Humboldt County Cow-Calf Production Costs & Returns, 2004
This publication is intended to be a guide, used to make production decisions, determine potential returns, and prepare business and marketing plans. Practices described are based on the production practices considered typical for a beef cattle cow-calf operation in this region, but may not apply to every operation.
Curtis, K., Riggs, W., and Shultz, B. 2004, University of Nevada Cooperative Extension
Humboldt County Alfalfa Hay Establishment, Production Costs and Returns, 2004
This publication is intended to be a guide used to make production decisions, determine potential returns, and prepare business and marketing plans. Practices described are based on the production practices considered typical for this crop and region, but may not apply to every situation.
Curtis, K., Riggs, W., Sandstrom, M., and Shultz, B. 2004, University of Nevada Cooperative Extension
Reproductive Management of Beef Cows: 48-Hour Calf Removal
Research shows that reproduction, or simply weaning a marketable calf, is ten times more important than weaning weights and twenty times more important than carcass traits. Poor reproduction is one of the biggest issues facing range livestock operators throughout the west, particularly with young cows and dry years.
Bruce, B., Riggs, W., Schultz, B., Suverly, N., and Torell, R. 2002, University of Nevada Cooperative Extension
Scentless Chamomile: Taxonomy, Ecology, and Control
Corn or scentless chamomile (Anthemis arvensis L.) is an annual flowering plant (forb) native to much of Europe, parts of Northern Africa, and Asia. It has become naturalized in North America, southern Africa, Australia, and New Zealand.
Davison, J. and Schultz, B. 2002, University of Nevada Cooperative Extension
Journals
Viewpoint: An alternative Management Paradigm for Plant Communities Affected by Invasive Annual Grasses in the Intermountain West.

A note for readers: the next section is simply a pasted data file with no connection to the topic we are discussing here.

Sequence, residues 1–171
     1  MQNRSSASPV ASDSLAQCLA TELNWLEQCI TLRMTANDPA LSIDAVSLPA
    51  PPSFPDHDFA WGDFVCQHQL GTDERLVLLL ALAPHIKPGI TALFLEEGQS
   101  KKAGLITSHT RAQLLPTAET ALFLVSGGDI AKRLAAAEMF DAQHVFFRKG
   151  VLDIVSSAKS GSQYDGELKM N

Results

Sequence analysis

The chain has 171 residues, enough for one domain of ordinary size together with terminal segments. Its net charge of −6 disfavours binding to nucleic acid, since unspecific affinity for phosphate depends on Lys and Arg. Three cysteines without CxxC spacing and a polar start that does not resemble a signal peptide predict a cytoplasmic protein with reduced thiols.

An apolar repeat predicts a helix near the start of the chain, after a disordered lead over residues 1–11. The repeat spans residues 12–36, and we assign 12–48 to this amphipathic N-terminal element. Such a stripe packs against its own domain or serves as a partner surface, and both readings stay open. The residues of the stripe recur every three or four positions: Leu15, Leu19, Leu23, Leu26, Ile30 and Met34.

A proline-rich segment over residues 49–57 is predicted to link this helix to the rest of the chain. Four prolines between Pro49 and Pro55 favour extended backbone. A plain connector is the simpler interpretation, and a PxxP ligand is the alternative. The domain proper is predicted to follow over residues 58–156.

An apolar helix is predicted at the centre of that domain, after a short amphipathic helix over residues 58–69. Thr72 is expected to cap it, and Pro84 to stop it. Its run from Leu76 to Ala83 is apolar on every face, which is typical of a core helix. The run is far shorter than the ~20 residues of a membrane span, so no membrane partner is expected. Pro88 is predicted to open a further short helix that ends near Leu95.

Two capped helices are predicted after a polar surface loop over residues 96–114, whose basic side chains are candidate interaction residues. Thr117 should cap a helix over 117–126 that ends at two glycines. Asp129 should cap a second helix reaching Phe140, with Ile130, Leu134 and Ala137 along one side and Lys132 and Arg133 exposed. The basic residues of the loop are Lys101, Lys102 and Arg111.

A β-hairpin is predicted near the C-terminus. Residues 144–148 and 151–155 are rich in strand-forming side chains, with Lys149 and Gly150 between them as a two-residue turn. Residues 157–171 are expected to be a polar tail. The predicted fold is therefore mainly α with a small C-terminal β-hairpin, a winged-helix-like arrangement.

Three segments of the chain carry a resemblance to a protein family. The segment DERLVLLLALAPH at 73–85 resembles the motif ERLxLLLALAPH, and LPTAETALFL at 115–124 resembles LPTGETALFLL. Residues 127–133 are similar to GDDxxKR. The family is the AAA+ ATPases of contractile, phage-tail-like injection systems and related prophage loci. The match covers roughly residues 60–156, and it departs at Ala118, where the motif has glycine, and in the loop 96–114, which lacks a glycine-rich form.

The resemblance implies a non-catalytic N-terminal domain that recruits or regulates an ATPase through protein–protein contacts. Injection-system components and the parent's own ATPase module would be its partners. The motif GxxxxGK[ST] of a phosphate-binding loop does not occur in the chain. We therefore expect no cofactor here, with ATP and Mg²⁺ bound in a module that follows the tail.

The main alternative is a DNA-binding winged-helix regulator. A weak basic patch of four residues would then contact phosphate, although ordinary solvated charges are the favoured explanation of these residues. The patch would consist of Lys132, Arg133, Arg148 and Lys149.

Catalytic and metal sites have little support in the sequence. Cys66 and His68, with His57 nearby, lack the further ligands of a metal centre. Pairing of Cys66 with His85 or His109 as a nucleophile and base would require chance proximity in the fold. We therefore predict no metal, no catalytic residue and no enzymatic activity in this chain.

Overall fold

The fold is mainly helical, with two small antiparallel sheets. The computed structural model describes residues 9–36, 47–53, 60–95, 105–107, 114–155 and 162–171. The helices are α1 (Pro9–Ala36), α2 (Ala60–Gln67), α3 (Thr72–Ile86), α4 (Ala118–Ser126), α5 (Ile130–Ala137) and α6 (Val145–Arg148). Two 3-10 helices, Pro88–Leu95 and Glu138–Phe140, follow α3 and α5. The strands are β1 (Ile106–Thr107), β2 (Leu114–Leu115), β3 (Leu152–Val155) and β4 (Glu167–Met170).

Today’s landscapes are not those described in 1860. With over 400,000 km2 colonized by cheatgrass (Bromus tectorum) and other annual grasses, we believe it is time to declare: The pristine-management-paradigm has failed. Continued, wholesale application of this concept is misguided.
Perryman, B. L., Schultz, B. W., Mcadoo, J. K., Alverts, B., Cervantes, J. C., Foster, S., McCuin, G., Swanson, S. R. 2018, Rangelands, 40(3)
Plant Community Factors Correlated with Wyoming Big Sagebrush Site Responses to Fire. Swanson, J., Murphy, P., Swanson, S. R., Schultz, B. W., Mcadoo, J. K. 2018, Rangeland Ecology and Management, 71((1):), 67-76.
Special Publications
Nevada Rangeland Monitoring Handbook (3rd)
This report was designed to provide a clear overview of the complex and often confusing world of rangeland monitoring. Included are a suite of short- and long-term monitoring methods.
Swanson, S., Schultz, B., Nova-Echenique, P., Dyer, K., McCuin, G., Linebaugh, J., Perryman, P., Tueller, P., Jenkins, R., Scherrer, B., Vogel, T., Voth, D., Freese, M., Shane, R., McGowan, K. 2018, University of Nevada Cooperative Extension, SP-18-03
An Overview of Agricultural Production and Agricultural Water Use in Humboldt County, Nevada, and the Risk From Withdrawing Irrigation Water
Agriculture is an important economic sector in Humboldt County, Nevada. There are over 350 farms and ranches in the county that operate on over 808,000 acres. Sales from agricultural products totaled just over $135 million in 2012 (last census of agriculture).
Schultz, B. 2017, University of Nevada Cooperative Extension
Russian Knapweed Control Trial 2013-2015, Pershing County
A document of effective ways to maintain and control Russian Knapweed crops.
Foster, S., and Schultz, B. 2016, University of Nevada Cooperative Extension, PS-16-04
Paradise Valley Weed Control Demonstration Plot: Russian Knapweed
Russian knapweed is a long-lived perennial broadleaf forb. New populations typically establish from seedlings. Long-term, its spread is largely from the lateral expansion of an extensive creeping root system. Individual plants reproduce vegetatively (i.e., are clonal) and become patches with many interconnected stems.
Schultz, B. 2005, University of Nevada Cooperative Extension
Paradise Valley Weed Control Demonstration Plots: Hoary Cress
Noxious weeds are species considered detrimental or destructive, and difficult to control or eradicate. In Nevada, noxious weeds are prohibited in commerce, and state law mandates their control or management.
Schultz, B. 2005, University of Nevada Cooperative Extension